'I'm late, I'm late, for a very important date'

14th May 2010 at 01:00
Staff at a Glasgow primary, stranded abroad by volcanic ash at the start of term, make up lost time at a Mad Hatter's tea party with a difference

When four teachers at one Glasgow primary were stranded abroad because of the recent volcanic ash cloud, it meant a stressful start to the summer term.

Now, however, the school is set to benefit from an after-school club for reluctant readers as the staff make up the time they missed.

The headteacher of St Blane's Primary, Michelle Stewart, was stranded in Spain when the volcano in Iceland grounded flights across Europe last month; acting depute Tracy Heaney was stuck in Portugal with her three children, all under the age of seven; the acting principal teacher, Catherine Quinn, was also stuck in Portugal; and P2 teacher Sarah Langton was stranded in Ireland.

All four staffers missed the first five days following the Easter break. To pay the time back, they are setting up a club for reluctant readers in P4-6, to be held one afternoon a week throughout May and June and into next session.

Ms Heaney said: "We recently carried out a survey of the children's reading habits. From the questionnaire, we identified those who had answered `no' to `Do you like reading?' and `Do you think you are good at reading?' From that we created a list of names and they have been invited to join the club."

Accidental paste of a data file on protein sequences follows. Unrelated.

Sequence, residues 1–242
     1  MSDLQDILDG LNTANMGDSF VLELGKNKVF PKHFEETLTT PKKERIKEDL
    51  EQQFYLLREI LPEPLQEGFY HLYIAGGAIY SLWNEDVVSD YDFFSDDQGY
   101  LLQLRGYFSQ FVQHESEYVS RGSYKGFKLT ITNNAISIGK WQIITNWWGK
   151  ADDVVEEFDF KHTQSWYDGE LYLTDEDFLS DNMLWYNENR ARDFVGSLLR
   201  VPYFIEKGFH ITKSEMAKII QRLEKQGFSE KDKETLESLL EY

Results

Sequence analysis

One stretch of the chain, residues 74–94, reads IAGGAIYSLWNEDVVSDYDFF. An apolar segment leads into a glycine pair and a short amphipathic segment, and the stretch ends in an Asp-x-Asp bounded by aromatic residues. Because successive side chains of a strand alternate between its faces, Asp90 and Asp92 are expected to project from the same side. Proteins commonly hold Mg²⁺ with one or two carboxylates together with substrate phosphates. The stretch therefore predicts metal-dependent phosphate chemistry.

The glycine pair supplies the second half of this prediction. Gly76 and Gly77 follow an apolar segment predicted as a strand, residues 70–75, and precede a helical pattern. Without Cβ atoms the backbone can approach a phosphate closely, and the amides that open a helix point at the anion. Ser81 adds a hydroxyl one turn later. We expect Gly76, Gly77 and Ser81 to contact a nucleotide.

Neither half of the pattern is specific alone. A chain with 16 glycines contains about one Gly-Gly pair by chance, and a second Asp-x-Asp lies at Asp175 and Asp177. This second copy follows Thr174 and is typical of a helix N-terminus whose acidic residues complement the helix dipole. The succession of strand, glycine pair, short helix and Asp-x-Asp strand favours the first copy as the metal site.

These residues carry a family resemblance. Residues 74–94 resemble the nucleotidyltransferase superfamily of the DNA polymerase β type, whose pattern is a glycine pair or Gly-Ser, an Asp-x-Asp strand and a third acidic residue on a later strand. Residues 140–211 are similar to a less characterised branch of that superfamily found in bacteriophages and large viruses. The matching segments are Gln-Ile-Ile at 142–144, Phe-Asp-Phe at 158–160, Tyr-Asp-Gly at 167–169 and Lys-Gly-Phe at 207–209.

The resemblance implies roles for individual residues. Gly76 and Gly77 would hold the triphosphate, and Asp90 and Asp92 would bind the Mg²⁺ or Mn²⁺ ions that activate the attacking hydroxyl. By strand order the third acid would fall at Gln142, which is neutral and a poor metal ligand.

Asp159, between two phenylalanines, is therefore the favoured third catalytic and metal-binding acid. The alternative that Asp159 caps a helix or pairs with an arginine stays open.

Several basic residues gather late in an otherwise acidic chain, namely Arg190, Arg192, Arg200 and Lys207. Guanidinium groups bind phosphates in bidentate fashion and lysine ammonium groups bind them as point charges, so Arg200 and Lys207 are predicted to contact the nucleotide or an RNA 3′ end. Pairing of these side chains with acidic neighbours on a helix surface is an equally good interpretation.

Yesterday, the group of 19 went to the cinema to see the film Alice in Wonderland in 3D. Next week, the children's book by Lewis Carroll will become the focus of the after-school club. "We'll have a Mad Hatter's tea party with copies of the book there and we'll do some work around that," said Ms Heaney. "Then we'll branch out and start working on other books. We're excited about it."

At the beginning of the new school year in August, club membership might be refreshed. And now that the children know about the treats in store if they answer "no" to those two questions, she believes membership could rocket.

A survey conducted by The TESS revealed that 3,421 teachers were stranded abroad following the Easter break. A number of authorities told teachers they would lose pay for the days they were absent, but Glasgow won plaudits from staff after telling them they could make up the time in other ways.

Maureen McKenna, education director of Glasgow City Council, said: "This is a great example of teachers paying back lost time and the children will benefit from the additional literacy classes. We expect similar initiatives to spring up across the city, following the flight disruptions."

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